Candid Camera

02.25.14

New York Can't Kick Its Revenge Porn Habit

Ian Barber tweeted naked photos of his girlfriend—and got away with it, giving New York all the more reason to follow in the footsteps of California and New Jersey by implanting adequate revenge porn legislation.

Ian Barber failed his girlfriend’s trust and then New York State failed to protect her. She has been made to suffer twice. The first was on July 26, 2013, when Barber decided to tweet naked photos of her and to share those photos with her sister and her employer. The second was on Feb. 19 when a New York judge dismissed all criminal charges against Barber.

In New York’s first revenge porn case, Judge Steven M. Statsinger ruled that Barber’s behavior “while reprehensible, does not violate any of the criminal statues under which he is charged.”  The three charges against him were: aggravated harassment, dissemination of an unlawful surveillance image, and public display of offensive sexual material.

Reading through Judge Statsinger’s decision reveals why New York and, for that matter, every state is in desperate need of adequate revenge porn legislation. The current legal system does not sufficiently handle modern forms of cyber harassment, nor make allowances for the realities of modern dating and courtship.

The reality is that as technology becomes a more pervasive part of modern dating and sex, the issue of revenge porn will come up more often.

For one, the language of the law forces an incredibly narrow, if not misconstrued, understanding of the function of Twitter.

Statsinger dropped the charge of dissemination of an unlawful surveillance image in part because dissemination “requires more than the mere posting of an image on a social networking site such as Twitter.” Twitter has 241 million active users. One would think sharing an image on it would constitute dissemination.

Then again, most modern Internet users would think sharing a photo on Twitter would count as a public display, too. Statsinger dismissed the charge of public display of offensive material because “the terms of the statute clearly do not encompass either posting an image on Twitter—a subscriber-based social networking service,” which is a “private act.”

For the third charge, to qualify as aggravated harassment, the defendant must either directly communicate with the victim or “encourage others to do so.” Under that language, posting naked photos of your girlfriend to the Twitterverse and emailing them to her family and employers does not technically count as encouraging others to unwantedly contact her, though in effect it certainly can. While Statsinger acknowledges third parties contacted and showed the victim said photos, “there is no allegation that they did so at the defendant’s behest.”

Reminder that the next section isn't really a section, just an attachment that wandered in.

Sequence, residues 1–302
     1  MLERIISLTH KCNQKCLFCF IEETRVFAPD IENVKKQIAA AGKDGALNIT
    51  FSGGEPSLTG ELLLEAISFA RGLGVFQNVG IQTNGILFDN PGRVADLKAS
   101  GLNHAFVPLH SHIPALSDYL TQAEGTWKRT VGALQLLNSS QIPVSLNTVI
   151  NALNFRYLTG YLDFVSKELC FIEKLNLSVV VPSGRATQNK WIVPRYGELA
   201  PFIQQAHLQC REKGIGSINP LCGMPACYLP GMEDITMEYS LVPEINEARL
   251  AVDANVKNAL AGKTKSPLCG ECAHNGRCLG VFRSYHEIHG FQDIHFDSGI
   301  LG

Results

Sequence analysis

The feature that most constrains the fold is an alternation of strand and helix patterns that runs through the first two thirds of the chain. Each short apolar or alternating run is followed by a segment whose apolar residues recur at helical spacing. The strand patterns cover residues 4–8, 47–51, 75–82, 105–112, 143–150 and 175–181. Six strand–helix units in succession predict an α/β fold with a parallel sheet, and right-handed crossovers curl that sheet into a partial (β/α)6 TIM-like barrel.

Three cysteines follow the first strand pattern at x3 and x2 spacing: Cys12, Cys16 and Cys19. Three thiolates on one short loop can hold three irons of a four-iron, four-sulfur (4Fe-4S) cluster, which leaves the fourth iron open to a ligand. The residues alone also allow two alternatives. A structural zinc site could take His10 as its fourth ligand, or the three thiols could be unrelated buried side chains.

Lost in all of this legal analysis is the nature of intent. Why else would Barber share naked photos of his girlfriend with her sister, her employer, and, more importantly, the millions of people on Twitter? You do something so twisted to shame a woman, hurt her career, and bombard her with a cyber stream of sexual and malicious remarks.

But it’s not just Barber’s intent that’s being ignored or dismissed—it’s his girlfriend’s. Another major factor that led to Barber clearance was the fact that he did not obtain the naked photos of his girlfriend through “unlawful conduct,” i.e. he did not secretly film her against her knowledge.

She consented to the photos being taken, however, but the issue of consent when it comes to use if a completely separate. In the eyes of the Manhattan court, it did not matter that she never gave Barber permission to share those photos.

In New Jersey, one of two states with revenge porn laws, you cannot disseminate nude or sexual photos of someone without his or her explicit permission. In California, the other state with a revenge porn law, it is less stringent, but still criminalizes the sharing of sexual or nude photos with the intent to cause emotional stress, regardless of how they were obtained.

New York and every other state in the country needs to have, at the very least, these explicit guidelines and not rely on inadequate, antiquated laws to carry out justice. Because, sadly, they won’t.

The reality is that as technology becomes a more pervasive part of modern dating and sex, the issue of revenge porn will come up more often. The answer is not to put the onus on women to assume every man will violate their trust when they share themselves sexually (though, you wouldn’t blame women for feeling this way based on the political and legal response to this harassment). Instead, we need laws that ensure men like Barber who act maliciously with the intent to shame, hurt, and, yes, harass women for their behavior are recognized and, most importantly, stopped.